DVUR KRALOVE, Czech Republic -- Five critically endangered eastern black rhinos from wildlife parks in three European countries are ready to be transported back to their natural habitat in Rwanda, where the entire rhino population was wiped out during the genocide in the 1990s.
Officials from the Czech Republic's Dvur Kralove zoo said Thursday that the three female and two male rhinos have been slowly trained to get used to custom-made transport boxes to take them Sunday to Akagera National Park in eastern Rwanda, which is now considered safe for rhinos.
Their journey will mark the biggest single transport of rhinos from Europe to Africa. Transporting them won't be easy and the animals will have to be tranquilized several times during the trip. The rhinos weigh between 850 and 1,150 kilograms (1,874 and 2,535 pounds)
The rhinos first met in November when the three already at the Dvur Kralove zoo were joined by one from Flamingo Land in Britain and one from Ree Park Safari in Denmark.
"Even though they have been well prepared, you know it is still a long trip, it is stressful, it is stressful for me, it is probably stressful for them," said Pete Morkel, an internationally recognized veterinarian from Zimbabwe and expert on rhino relocations.
"It is not easy moving black rhino, they are explosive animals, they can get unhappy very quickly. So you have to keep your finger on the pulse and see what happens and respond accordingly," Morkel said.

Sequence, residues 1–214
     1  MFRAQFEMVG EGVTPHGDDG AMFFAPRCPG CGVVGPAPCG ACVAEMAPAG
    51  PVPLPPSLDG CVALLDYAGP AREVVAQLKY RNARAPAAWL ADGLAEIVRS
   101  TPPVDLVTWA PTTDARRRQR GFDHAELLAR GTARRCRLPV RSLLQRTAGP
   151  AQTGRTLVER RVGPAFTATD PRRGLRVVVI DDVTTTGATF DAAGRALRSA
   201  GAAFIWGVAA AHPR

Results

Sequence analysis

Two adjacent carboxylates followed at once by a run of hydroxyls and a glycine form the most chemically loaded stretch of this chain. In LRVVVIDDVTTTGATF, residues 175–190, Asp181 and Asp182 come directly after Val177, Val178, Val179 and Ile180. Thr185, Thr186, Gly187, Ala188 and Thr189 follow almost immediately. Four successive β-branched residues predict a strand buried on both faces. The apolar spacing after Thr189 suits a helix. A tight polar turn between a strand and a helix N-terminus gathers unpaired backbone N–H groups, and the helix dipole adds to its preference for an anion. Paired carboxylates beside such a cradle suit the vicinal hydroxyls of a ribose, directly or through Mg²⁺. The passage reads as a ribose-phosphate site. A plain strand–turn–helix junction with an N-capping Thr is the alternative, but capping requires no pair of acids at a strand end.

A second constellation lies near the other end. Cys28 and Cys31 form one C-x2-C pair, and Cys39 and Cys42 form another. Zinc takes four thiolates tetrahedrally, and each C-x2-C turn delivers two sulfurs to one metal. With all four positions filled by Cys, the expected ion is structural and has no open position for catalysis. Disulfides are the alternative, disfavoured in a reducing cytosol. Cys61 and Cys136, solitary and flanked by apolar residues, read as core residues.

When they get to Rwanda, the rhinos will undergo a lengthy process of adaption before they will be allowed to roam freely and join 18 eastern black rhinos that were transported to the park from South Africa in 2017.
More than 500,000 people were killed in the genocide in Rwanda in 1994. The conflict also devastated the entire population of lions there.
Rwanda's ambassador to Berlin, Igor Cesar, described the transport as "historic" and recognition for his country's efforts to restore its wildlife diversity.
African rhinos remain under intense pressure from poachers who kill them to meet demand for their horns in illegal markets, primarily in Vietnam and China. There are only a few hundred of the eastern black subspecies remaining in the world.